We took up the challenge through our initiative UX for Good, which GreenHouse developed with Jason Ulaszek to enlist top user experience designers from around the world in solving social challenges. Interestingly, the answer we found was unrelated to school curricula and related instead to classroom management. Teachers had independently discovered that they could use mindfulness techniques to more effectively manage disruption and disciplinary issues, leading to quieter, happier classrooms. They were more than happy to share these insights with their colleagues.
This insight led to the Center’s development of Heart-Mind Online, a resource launched to facilitate the sharing of mindfulness resources among teachers and parents.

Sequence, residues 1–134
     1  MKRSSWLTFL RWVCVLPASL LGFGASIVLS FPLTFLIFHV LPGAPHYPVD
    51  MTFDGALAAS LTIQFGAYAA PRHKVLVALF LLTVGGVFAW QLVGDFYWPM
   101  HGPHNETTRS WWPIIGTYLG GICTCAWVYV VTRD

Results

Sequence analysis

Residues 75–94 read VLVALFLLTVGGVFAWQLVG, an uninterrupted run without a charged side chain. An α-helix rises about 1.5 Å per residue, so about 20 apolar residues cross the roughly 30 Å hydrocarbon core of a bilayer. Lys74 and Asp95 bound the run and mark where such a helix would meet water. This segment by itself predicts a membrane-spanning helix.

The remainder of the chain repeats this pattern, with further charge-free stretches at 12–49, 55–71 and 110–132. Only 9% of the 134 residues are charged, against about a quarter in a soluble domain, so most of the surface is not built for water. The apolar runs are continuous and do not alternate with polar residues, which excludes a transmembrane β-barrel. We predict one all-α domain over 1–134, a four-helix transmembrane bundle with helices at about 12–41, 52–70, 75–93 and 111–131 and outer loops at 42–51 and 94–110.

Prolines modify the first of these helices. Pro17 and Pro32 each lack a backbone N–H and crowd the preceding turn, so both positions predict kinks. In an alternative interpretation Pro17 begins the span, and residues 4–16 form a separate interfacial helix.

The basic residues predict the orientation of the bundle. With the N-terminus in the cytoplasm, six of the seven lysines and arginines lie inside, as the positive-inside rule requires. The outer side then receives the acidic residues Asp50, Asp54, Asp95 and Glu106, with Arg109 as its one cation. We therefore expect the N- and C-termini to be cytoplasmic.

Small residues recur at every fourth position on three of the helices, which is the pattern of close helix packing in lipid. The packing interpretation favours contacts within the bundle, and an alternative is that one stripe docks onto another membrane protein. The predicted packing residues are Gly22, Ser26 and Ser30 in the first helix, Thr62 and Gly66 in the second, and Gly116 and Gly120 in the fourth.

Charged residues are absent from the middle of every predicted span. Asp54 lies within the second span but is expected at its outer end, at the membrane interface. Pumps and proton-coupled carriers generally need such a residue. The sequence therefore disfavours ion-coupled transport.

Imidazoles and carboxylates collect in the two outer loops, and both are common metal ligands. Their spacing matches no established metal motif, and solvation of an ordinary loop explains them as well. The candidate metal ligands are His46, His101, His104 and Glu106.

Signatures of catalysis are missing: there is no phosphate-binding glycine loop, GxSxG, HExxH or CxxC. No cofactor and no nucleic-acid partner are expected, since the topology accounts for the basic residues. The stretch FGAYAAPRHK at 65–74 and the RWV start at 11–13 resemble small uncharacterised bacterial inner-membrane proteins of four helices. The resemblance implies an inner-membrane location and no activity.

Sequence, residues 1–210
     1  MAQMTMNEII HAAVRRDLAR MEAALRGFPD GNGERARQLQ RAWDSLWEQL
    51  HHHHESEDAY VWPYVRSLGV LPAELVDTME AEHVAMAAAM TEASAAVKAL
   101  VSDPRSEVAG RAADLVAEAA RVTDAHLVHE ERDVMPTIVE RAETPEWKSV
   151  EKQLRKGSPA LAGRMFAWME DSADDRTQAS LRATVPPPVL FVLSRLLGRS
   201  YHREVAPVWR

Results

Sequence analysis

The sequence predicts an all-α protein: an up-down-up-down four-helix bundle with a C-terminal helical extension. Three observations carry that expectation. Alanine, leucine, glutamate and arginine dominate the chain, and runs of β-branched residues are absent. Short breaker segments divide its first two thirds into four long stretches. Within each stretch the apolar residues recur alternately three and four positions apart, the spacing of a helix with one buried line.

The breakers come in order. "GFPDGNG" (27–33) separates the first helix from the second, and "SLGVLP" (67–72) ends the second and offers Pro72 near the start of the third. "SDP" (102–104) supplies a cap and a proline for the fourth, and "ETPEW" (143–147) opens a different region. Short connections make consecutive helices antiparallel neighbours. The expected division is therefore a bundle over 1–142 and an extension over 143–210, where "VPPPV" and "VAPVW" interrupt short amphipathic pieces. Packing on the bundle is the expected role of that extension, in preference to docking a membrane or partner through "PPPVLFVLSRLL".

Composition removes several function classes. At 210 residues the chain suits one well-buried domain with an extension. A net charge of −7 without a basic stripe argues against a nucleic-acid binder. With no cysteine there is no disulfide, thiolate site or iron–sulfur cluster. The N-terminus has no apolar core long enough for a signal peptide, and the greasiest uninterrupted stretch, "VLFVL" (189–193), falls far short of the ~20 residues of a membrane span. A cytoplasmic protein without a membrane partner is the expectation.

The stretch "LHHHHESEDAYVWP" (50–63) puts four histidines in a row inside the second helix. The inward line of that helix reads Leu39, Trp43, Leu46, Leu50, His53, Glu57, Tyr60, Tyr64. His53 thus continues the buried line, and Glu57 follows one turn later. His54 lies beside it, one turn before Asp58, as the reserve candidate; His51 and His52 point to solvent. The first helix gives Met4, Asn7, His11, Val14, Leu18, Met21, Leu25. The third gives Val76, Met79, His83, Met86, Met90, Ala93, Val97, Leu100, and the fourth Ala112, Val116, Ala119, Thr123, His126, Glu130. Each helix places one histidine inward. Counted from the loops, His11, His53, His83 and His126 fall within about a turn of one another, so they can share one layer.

We have also deployed UX for Good to tackle challenges facing genocide memorials and the livelihood of professional musicians in New Orleans, for which the initiative won the user experience design industry’s top award.
Everybody wants school reform. But decade after decade of public debate hasn’t brought us much closer to substantive change. It appears, at least to us, that the problem might be with the debate, itself.
That’s the conclusion we drew from a project called School Is Not School. We drafted and posted online an original, incendiary manifesto, which suggested the role for school ought to be building community. We collected a week’s worth of online comments, then analyzed those comments to see what we could learn from what well-intentioned people thought about the idea.